Sandra's Reviews > The Girl Who Was on Fire: Your Favorite Authors on Suzanne Collins' Hunger Games Trilogy

The Girl Who Was on Fire by Leah Wilson
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Oct 10, 11

bookshelves: e-books, in-english, utopia-dystopia, read-in-2011, non-fiction
Read from October 09 to 10, 2011

An insightful book on the The Hunger Games series. It's basically a collection of various essays written about the series. The topics cover a wide range of things, such as fashion, science, PTDS and reality-shows. If you're like me, you'll have found the series very interesting. You'll have had a great many thoughts, that are most likely bundled in this book. That doesn't mean it isn't gratifying to see someone else write it out quite a bit better than you can and occasionally I will read about a new perspective I hadn't considered before.

What I liked most about the essays was that it backed me up in one thing: shipping isn't by far the most important part of the plot. None of the essays deal with whether Peeta or Gale is the better choice of partner for Katniss (as a main topic). The one coming closest to that is an essay about love and even that focuses primarily on Prim. I personally find that the Team Peeta and Team Gale debate has gotten out of hand. For me personally the series was about something else entirely: the creepy world that is out there, the manipulation of people, the actual threat of real-life television. That yes people, The Hunger Games could become a possibility, and then I'm not talking about the odds of you meeting your own Peeta or Gale. I really couldn't care less about that, for me it's Team Katniss all the way and I've never really seen her as romantic. (For people who are also Team Katniss, there's one very interesting essay in here for you guys, which is aptly named "Team Katniss".)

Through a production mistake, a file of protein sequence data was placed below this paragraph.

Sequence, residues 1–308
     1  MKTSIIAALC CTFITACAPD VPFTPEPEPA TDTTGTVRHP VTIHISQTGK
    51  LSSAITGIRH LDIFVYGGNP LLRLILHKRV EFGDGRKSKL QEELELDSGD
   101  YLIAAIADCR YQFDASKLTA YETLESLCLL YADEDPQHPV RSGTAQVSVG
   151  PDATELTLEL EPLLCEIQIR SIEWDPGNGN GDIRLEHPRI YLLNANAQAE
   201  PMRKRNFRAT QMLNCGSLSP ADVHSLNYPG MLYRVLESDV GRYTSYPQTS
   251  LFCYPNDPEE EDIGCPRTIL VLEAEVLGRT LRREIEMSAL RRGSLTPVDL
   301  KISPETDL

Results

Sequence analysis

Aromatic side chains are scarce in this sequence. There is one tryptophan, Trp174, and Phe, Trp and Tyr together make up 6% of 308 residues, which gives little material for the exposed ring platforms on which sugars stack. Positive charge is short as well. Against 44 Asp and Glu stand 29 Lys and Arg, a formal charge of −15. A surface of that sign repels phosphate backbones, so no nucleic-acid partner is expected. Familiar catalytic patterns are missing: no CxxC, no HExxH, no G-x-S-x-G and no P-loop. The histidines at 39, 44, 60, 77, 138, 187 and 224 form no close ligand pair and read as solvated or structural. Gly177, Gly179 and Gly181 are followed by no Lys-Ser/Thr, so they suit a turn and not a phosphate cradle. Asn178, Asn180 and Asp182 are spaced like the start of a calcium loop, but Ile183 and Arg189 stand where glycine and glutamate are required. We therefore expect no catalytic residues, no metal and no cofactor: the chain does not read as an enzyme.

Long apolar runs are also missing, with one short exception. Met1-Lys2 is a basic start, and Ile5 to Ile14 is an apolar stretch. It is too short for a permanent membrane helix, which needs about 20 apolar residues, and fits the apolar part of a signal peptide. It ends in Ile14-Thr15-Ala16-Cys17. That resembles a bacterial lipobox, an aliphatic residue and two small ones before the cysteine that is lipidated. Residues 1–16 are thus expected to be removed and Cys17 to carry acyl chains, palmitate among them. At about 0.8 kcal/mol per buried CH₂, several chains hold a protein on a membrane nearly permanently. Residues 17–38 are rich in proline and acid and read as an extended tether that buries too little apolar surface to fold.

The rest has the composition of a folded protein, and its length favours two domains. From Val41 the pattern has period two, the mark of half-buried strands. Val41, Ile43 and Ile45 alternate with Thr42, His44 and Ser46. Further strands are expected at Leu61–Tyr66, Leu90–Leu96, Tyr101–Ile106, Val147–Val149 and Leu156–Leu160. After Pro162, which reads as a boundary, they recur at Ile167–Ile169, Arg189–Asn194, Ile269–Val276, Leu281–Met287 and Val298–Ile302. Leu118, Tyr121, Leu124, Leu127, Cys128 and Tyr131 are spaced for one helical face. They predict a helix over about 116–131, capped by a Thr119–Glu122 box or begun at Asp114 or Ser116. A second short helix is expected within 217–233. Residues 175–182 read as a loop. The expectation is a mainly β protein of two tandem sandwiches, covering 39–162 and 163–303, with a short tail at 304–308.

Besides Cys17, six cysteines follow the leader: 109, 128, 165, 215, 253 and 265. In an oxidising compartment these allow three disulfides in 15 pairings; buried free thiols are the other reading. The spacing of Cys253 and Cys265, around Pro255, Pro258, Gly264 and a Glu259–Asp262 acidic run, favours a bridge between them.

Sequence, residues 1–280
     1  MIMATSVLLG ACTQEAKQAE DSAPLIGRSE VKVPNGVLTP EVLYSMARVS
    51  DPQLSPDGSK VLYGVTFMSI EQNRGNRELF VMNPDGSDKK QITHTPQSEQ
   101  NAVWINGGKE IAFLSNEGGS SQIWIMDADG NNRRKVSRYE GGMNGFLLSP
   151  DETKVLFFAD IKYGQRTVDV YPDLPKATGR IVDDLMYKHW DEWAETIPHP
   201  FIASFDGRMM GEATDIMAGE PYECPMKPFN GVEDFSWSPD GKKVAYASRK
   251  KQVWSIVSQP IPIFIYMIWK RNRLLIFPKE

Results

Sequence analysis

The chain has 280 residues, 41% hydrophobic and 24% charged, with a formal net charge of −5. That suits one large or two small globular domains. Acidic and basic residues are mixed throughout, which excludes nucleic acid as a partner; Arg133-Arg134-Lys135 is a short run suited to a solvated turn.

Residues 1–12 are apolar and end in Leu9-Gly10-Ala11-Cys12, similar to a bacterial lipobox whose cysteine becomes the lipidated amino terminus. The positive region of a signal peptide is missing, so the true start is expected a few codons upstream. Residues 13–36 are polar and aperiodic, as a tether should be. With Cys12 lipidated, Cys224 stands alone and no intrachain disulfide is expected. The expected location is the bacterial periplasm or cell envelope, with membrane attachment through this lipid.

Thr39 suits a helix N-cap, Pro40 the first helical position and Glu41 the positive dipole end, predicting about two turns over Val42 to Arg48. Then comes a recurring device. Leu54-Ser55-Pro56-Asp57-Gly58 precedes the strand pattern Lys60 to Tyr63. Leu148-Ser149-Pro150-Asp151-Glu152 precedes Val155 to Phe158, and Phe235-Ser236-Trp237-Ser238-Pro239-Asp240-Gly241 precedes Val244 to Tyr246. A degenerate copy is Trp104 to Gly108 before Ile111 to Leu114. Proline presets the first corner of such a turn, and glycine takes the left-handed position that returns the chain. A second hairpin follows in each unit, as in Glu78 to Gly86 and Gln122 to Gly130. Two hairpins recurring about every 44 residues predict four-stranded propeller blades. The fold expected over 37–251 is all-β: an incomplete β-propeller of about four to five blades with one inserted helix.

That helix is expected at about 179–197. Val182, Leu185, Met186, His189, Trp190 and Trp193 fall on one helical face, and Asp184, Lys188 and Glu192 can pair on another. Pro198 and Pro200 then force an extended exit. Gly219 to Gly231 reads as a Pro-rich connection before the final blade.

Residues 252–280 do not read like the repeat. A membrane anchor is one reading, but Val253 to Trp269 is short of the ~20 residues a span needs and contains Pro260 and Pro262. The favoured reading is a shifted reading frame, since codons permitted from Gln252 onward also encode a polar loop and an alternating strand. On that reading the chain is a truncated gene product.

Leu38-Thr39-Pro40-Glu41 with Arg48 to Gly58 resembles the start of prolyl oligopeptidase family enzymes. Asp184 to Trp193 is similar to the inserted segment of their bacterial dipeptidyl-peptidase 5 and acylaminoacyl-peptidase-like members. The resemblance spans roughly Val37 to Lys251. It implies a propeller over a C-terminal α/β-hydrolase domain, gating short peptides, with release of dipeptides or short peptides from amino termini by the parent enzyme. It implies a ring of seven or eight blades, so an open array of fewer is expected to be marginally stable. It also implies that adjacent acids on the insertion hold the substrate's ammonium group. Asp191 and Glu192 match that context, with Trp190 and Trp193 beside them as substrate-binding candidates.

For me my favourite essay was written by Sarah Darer Littman and it was called "The Politics Of Mockingjay". She got me quite easily by stating: "Hunger Games series the focus was never about Team Gale or Team Peeta the way it was for so many readers; the romance was a subplot." She continues to talk about the war in Iraq, and though you may be sick of that, she raises good points and it goes a long way in showing that dystopias are often not as dystopian as they may seem.

These essays serve to pick up on the wealth of material and themes as discussed in the The Hunger Games series. None of the essays are alike (though there may be times where they slightly overlap), and it will help you to let the scales fall from your eyes. The story of The Hunger Games is scary, mostly because so much of it is or could be real.

And I just wanted to give my kudos to Leah Wilson, who did a fabulous editing the book. I truly enjoyed the introductions to the essays and it will serve you perfectly if don't know whether a particular topic interests you or not.
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10/09/2011 page 71
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Comments (showing 1-2 of 2) (2 new)

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message 1: by Ruby (new)

Ruby Please can I just say that I really love all of your reviews as of late, they're so elaborate and insightful and fun to read!


Sandra Aww, thank you! Though not all my reviews are so elaborate, but some books deserve it because they make me have all these ~feelings. ;)


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